The Annunciation Triptych – Merode Altarpiece, Robert Campin (ca 1375-1444)  I took some better photos with my actual camera, (these are all from my phone) but I was fascinated by the tools in the workshop.  Very timely considering I was heading down to see all the jewellery and metalwork that was on display.

When I was here last, the ‘Unicorn in Captivity’ piece was actually off the wall, and flat on a huge table for maintenance, I think, rather than restoration, so it was hard to see it in all it’s gorgeous unicorny goodness last time (thanks KPeth, I think you have rubbed off on me!).  Now up on the wall, it’s truly magnificent.
    More unicorny goodness, this complete with puppies… I mean, medieval hounds for fun and profit.  I actually photographed all the tapestries in the unicorn room, and took detailed shots of the dogs, and various other parts of the tapestries.  All those dogs made me think of Stanzi… time to make a huge medieval dog collar for Fudge et al, perhaps?  I think Dixie and Alaska are a bit tiny for that sort of thing.
I was delighted to find that one of my favourite decorative arts pieces was out of the downstairs treasury and up in the main gallery where there is actually some decent light.  I must have taken a dozen photos… any of you who have seen my embroidered pouch would recognise that this is where the inspiration for the cartoon came from, and I just love this little 14thC Minnastraken casket, and so cool to see it in the daylight.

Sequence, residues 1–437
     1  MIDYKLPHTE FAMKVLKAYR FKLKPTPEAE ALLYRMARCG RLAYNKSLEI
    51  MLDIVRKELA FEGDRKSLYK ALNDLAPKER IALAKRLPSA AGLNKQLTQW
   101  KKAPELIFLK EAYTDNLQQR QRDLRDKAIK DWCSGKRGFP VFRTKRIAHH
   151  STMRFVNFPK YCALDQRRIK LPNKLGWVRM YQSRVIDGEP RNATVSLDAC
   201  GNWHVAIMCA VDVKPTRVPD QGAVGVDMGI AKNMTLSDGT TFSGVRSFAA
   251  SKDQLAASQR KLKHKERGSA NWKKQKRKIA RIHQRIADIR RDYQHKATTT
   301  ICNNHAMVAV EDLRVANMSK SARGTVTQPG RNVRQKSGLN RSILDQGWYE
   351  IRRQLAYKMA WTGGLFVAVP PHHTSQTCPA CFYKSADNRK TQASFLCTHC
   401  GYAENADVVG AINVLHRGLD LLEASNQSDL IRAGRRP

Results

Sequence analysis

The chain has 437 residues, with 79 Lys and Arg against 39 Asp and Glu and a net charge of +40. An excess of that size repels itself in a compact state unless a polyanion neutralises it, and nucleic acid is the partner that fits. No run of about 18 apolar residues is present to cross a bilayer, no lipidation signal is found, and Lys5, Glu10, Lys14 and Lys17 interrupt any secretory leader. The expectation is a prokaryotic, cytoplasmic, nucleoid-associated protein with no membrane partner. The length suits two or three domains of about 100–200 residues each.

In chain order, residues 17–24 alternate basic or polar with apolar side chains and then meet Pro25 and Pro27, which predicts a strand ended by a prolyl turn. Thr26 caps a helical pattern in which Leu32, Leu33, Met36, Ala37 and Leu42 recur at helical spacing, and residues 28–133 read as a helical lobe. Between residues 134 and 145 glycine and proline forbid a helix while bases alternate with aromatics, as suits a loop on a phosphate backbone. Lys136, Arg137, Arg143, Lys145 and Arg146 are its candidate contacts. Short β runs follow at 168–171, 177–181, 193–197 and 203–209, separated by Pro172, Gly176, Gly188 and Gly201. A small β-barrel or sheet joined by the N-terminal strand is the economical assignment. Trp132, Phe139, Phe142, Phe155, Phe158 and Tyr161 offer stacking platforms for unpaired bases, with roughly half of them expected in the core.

As a preface to the exhibition, they had included some paintings within period depicting various jewellers/jewellery items.  It started with Petrus Christus, A Goldsmith in His Workshop (Brugges, 1449) which I didn’t photograph, because I figured everyone knows that one anyway… youknow, this one:

and this lesser known painting  by Barthel Bruyn the Younger, Portrait of a Woman of the Slosgin Family of Cologne (1557) which I thought was really interesting. There were some women standing around me commenting on the sheer size of some of the rings, and speclating on how they could do anything wearing those huge things – I guess that’s the point.  Much like their clothing, it’s not designed to be anything other than decorative.  If you could afford items like these at the time, you were unlikely to bothered by the fact that they got in the way when you were doing the gardening or attempting household chores.  :S 

Anyway, there was a wide range of rings from a huge period of history, so I took heaps of photos of the rings on display, but only have added a few here, or I would probably bore everyone to tears.  I will end up adding them all to my Pinterest, or if I find the time, I’ll pull them off the camera before I get home and put them directly to the Bejewelled History FB Group that many of my friends belong to.

Black Letter Posy Ring.  England 15thC. Gold.  8.3gms
Early Christian Cruiciform Gemstone Ring, Roman Empire 4th-5thC.  Gold, garnets, and emerald.  4.2gms